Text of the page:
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Michael Colefield is unwillingly thrust into the nightmarish world of vampires when he discovers a secret government organisation operating undercover within the police when his friend Jack disappears under suspicious circumstances on the eve of his wedding. Written by
Mark Smith <firstname.lastname@example.org>
You might want to sit down. Ultraviolet is stylish, smart and dare I say it
British science fiction has a bad reputation with the people who commission programmes for television. It has often been lumped in with children's programming, or consigned to a minority channel with a minimal budget. With no chance of filming spectacle, the writers fell back on plotting and characterisation, it may have looked cheap and nasty, but the glory always lay in the writing. However, up against an endless supply of glossy, vacuous American imports British SF was an endangered species.
Fortunately, Channel 4 were willing to take a risk when they commissioned Ultraviolet. They chose to make a series that subverted the staple police drama with vampires.
Mention vampires to people and they may think of Christopher Lee in a cloak, a Californian teenage girl's extracurricular activities or the foppish dandies of Anne Rice's novels, but the legends go back into the depths of mythology. The vampire mythos has been in and out of fashion for the last couple of centuries. It was popular in the Victorian era in a society coloured by the grim world of the newly industrialised cities, infant mortality and mass illnesses. It languished for most of the last century, only to come out of the shadows with the onset of AIDS and worries for the environment.
Ultraviolet takes the mythical vampire and gives it a twist. This is a world recognisably our own, but with a dark core. These vampires live in the shadows not only the physical darkness of night, but they are also lurking in the gloomier parts of society. They have interests in cancer, AIDS and the outcasts of society. They manipulate society to their own ends through human servants willing and otherwise.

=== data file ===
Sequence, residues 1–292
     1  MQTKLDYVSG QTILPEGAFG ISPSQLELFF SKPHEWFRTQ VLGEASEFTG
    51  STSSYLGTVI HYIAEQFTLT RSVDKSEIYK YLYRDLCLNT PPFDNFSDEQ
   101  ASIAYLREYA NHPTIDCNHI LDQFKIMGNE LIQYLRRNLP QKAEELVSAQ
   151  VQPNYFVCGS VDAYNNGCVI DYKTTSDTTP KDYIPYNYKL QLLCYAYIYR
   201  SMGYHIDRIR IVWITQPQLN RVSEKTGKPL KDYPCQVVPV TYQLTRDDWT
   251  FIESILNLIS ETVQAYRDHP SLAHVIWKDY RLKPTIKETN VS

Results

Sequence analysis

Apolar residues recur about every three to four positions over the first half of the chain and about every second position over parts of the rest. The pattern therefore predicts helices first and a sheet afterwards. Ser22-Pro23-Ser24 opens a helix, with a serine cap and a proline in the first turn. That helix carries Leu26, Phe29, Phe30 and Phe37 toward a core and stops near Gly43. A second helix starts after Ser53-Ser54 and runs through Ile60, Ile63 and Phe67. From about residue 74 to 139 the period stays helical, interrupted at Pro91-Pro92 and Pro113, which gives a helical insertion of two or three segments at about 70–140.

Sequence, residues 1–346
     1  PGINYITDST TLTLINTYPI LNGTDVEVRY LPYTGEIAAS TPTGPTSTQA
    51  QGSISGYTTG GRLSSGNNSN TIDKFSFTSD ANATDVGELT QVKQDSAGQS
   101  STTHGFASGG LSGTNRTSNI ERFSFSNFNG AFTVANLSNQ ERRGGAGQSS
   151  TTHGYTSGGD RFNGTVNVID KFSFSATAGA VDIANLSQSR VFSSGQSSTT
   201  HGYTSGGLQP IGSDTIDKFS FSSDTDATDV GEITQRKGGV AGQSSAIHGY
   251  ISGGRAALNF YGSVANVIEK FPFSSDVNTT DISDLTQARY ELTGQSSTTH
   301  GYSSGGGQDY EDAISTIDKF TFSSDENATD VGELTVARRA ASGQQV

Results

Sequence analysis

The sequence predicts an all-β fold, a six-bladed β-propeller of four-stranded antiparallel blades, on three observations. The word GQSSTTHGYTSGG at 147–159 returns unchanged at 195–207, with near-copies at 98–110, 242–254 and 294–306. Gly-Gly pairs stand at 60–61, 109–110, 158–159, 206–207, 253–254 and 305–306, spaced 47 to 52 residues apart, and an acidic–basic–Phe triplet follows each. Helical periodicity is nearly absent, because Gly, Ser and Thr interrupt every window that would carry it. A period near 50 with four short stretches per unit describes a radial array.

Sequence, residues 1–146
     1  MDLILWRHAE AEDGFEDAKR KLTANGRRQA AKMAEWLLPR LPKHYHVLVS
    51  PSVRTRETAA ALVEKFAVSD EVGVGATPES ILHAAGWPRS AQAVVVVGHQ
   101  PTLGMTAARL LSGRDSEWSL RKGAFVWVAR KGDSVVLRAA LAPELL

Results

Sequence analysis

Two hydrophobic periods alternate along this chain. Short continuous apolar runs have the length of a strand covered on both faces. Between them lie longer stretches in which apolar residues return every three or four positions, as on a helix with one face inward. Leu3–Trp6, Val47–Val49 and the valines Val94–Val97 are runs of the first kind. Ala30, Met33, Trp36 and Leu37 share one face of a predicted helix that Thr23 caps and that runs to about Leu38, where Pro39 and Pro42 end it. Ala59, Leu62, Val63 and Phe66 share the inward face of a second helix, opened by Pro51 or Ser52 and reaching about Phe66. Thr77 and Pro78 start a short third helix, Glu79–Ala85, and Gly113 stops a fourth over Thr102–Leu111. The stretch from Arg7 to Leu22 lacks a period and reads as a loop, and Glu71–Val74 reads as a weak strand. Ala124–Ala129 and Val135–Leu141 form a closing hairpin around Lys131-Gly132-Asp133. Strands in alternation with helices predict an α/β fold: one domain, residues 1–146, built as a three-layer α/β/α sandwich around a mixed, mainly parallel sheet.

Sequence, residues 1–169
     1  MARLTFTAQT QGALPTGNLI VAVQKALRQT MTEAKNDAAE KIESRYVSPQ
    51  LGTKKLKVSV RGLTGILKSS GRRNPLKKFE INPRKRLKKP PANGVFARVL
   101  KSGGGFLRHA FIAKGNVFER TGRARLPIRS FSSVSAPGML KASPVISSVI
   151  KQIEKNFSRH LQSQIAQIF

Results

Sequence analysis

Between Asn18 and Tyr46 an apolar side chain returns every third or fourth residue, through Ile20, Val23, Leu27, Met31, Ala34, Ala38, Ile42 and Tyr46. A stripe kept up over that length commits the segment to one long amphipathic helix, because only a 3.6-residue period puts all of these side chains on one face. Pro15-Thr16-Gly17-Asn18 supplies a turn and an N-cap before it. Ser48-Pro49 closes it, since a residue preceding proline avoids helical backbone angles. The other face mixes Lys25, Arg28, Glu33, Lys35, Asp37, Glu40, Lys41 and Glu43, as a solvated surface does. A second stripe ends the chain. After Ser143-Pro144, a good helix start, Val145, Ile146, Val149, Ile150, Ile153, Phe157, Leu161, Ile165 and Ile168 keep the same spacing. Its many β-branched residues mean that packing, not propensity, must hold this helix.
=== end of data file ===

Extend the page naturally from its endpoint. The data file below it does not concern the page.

The Catholic Church in connivance with the British government has set up a team to investigate suspicious events and where necessary to destroy the vampires. This is a long way from Buffy's stakes and a spell in the library. This team comes equipped with SWAT commandos, guns, grenades and all the latest scientific equipment.
Jack Davenport plays a policeman who falls into this alternate world when one of his colleagues goes missing.
The episodes do feature an ongoing thread which reaches a conclusion in the final episode. However, most of the plot of each episode is self-contained, so even if you chance across an odd episode you will be able to pick up the story. Ultraviolet is not suitable for children as it contains discussion of such topics as paedophilia and abortion both subjects are sensitively handled, but are bound to offend some people.
The makers chose to use actors that could do justice to the material. If you tuned in halfway through an episode without realising what you were watching you could easily believe it was a glossy detective drama. Dialogue is well handled and understated they act and sound like government officials, not bit players in a Hammer Horror film.
Visually it looks superb, it was shot on film and the screen glows with cool colours not normally seen outside of big budget productions. The producers took advantage of the London scenery, daytime scenes are set in the leafy suburbs, whilst night shots feature the seedier side of the metropolis amusement arcades, grim tube stations and lonely streets. Special effects are used sparingly and are competently handled to propel the story forward.
Six hour long episodes were made. Part of me would like to see more of this dark world, to see the development of the grand plot and the characters, but another part says that it would have been impossible to maintain the standard without repeating some of the plot lines.
A minor classic.
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